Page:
Keep civility in 2016 elections

Early indications are not good

The race for the 2016 presidential nomination got off the starting blocks last week as Republican presidential hopefuls held their first of many primary debates. For some onlookers, the electoral process is an exciting one. For others, it’s dreadful. With the tone of political campaigns, who can blame them? It seems that some wanna-be commanders-in-chief sound more like radio talk show hosts, spewing personal attacks and making unsubstantiated claims.

Look no further than billionaire Donald Trump to see how low politics and campaigning have fallen in the age of social media. During last week’s Republican debate, Fox News anchor Megyn Kelly asked Trump about his demeaning comments about women. She repeated words Trump has allegedly used in the past: “fat pigs, dogs, slobs and disgusting animals.” Trump’s glib response: “Only (on describing) Rosie O’Donnell.” After the debate, Trump said Fox’s Kelly unfairly attacked him and had “blood coming out of her whatever.”

There is little doubt that if a child used such crude remarks about other people, he or she would be spending days in time out rethinking those statements. So why should a presidential candidate be allowed to use these demeaning expressions?

It’s a question some Republicans are now asking.

Sen. Rick Santorum, a Catholic and Republican presidential candidate from Pennsylvania, issued a statement Aug. 10 condemning Trump’s venom.

“Enough is enough. We should and must address serious issues facing our nation, but name-calling and crass personal attacks is beneath the office we are running for,” said Santorum. “This needs to stop.”

Santorum called upon his fellow Republicans to end their sophomoric behavior and “focus on the contrast of accomplishment, experience and vision to lead our country.” Republican candidates Jeb Bush and Rick Perry have also publicly objected to some of Trump’s statements.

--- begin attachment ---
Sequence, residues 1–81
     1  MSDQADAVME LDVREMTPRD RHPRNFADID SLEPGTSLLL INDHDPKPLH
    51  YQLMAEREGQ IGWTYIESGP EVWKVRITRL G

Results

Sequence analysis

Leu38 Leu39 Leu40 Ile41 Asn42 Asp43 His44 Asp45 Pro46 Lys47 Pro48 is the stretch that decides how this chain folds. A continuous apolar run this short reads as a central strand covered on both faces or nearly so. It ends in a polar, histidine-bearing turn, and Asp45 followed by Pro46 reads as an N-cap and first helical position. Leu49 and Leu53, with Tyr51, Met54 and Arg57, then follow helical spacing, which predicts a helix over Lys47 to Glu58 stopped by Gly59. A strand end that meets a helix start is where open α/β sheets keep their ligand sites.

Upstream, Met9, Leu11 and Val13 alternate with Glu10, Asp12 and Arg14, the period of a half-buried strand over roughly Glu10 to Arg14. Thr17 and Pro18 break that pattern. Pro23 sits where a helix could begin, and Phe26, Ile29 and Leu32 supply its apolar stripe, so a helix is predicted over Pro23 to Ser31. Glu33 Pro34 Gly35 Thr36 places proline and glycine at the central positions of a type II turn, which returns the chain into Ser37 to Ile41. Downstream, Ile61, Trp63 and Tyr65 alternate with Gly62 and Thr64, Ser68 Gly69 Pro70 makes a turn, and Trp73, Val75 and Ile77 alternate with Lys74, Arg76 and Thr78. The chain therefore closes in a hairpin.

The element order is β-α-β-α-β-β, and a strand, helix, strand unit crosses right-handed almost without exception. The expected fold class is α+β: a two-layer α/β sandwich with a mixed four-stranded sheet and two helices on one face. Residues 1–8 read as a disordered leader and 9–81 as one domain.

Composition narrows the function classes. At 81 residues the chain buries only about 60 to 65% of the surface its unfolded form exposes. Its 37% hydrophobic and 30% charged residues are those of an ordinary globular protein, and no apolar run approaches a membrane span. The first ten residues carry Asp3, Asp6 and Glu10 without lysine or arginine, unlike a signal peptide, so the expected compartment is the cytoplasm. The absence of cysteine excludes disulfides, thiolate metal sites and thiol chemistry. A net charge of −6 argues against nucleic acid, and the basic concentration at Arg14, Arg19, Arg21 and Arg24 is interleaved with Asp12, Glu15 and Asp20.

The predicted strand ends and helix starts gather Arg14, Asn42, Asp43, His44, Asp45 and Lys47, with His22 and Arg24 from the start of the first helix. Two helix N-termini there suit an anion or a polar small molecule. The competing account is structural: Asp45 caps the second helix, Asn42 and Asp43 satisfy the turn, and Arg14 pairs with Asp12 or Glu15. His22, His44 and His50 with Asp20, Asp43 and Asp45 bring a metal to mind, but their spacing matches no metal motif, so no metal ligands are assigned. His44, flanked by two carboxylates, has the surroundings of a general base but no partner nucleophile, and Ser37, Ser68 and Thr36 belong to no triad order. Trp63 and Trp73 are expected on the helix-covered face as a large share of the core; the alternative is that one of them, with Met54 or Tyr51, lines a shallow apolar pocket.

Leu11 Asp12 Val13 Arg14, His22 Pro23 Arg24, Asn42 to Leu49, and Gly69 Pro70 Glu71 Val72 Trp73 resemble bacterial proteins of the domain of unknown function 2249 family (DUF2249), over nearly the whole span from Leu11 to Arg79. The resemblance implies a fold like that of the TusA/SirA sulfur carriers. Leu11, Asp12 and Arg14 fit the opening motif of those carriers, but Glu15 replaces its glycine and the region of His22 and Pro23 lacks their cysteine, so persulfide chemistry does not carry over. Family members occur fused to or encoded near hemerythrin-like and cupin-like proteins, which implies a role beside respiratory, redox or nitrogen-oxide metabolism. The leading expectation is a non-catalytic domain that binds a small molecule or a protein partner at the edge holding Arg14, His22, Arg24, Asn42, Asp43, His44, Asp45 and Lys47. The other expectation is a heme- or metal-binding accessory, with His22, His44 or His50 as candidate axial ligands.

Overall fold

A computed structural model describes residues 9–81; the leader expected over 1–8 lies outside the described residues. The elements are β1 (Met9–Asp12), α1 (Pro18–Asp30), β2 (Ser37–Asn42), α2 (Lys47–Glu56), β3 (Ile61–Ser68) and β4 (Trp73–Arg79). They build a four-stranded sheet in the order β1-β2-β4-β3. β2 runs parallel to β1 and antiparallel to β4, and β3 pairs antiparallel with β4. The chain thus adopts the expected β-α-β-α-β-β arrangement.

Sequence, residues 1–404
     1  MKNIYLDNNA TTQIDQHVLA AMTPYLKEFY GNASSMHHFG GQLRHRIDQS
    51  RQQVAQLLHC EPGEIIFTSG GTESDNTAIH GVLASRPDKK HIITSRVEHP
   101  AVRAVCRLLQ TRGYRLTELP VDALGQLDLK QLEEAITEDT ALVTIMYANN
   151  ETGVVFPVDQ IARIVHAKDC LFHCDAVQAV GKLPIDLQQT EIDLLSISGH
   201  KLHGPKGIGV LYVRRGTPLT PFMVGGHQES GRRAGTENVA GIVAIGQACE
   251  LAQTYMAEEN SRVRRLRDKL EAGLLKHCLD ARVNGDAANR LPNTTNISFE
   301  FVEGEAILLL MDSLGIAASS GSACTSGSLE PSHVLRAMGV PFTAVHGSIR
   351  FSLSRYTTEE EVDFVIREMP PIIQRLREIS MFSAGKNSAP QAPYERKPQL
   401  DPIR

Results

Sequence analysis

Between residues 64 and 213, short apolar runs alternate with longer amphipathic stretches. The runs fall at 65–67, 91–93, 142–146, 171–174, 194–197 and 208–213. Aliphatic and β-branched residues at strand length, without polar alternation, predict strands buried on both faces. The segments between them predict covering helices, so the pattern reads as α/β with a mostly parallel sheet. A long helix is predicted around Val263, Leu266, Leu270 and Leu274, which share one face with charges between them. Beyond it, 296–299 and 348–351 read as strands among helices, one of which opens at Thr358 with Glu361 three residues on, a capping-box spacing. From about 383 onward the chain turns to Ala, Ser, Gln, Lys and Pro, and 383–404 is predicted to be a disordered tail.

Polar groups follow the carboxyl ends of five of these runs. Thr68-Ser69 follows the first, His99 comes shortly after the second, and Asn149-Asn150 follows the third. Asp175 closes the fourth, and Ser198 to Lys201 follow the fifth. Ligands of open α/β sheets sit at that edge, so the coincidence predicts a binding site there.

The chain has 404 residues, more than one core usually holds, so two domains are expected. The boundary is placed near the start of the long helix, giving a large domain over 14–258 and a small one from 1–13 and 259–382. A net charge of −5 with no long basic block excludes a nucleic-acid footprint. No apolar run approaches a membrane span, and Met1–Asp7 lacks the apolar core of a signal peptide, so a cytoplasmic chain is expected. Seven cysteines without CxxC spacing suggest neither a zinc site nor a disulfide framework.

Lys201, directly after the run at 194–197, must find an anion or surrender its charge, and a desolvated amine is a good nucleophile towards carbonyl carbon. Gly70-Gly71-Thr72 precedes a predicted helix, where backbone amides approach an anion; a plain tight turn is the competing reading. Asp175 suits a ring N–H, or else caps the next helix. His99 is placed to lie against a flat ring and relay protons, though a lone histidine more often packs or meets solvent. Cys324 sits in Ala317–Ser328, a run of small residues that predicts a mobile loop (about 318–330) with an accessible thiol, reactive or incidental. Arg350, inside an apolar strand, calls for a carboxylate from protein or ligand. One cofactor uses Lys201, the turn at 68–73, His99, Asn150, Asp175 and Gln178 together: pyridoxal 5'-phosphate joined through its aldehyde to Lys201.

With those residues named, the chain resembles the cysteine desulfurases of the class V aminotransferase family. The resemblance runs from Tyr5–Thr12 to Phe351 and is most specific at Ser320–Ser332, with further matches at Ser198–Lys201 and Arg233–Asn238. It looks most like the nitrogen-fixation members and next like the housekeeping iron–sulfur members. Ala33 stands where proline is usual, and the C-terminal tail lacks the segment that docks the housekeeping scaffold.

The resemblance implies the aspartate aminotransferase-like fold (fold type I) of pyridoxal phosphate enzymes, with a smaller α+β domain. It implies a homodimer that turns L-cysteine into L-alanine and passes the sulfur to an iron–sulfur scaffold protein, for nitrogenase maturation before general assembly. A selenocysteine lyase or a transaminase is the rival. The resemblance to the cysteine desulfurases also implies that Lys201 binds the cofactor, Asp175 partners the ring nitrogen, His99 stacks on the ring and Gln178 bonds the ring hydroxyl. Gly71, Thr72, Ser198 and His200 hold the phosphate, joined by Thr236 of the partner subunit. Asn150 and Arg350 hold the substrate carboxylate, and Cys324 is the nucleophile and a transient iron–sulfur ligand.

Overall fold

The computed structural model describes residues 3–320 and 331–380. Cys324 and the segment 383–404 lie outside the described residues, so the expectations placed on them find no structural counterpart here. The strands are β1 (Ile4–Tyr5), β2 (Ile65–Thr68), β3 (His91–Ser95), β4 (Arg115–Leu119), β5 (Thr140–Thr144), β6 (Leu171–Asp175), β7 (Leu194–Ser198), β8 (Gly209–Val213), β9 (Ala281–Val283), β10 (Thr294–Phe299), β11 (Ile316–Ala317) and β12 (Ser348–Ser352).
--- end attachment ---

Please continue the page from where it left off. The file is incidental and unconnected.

Hate is prevalent on social media. Just log on to Twitter during a presidential debate, type in a relevant hashtag and watch the negativity fly in 140 characters. However, it has no place in the running of a presidential campaign.

One of best speeches on the topic of civility in politics and society was delivered by then-Archbishop Timothy Dolan in 2003, when he addressed the State Legislature at the Capitol in Madison. His words (echoing the late Jesuit theologian, Fr. John Courtney Murray) ring true today as they did then.

“I speak with much conviction (about the need for civility) because if we lose this — and we’re in danger of doing so — we’ll lose our noble battles on all those other towering challenges,” said Archbishop Dolan. “Sometimes we can’t do much about all those other issues, but we can always do something about courtesy and civility. Sometimes more important than what we do is how we do it.”

So as the countdown to the 2016 presidential elections is underway, let’s hope and pray that candidates run their campaigns with civility and show the rest of us how honorable and dignifying debates and discourse can be. Not only in leading a country, but in leading our families.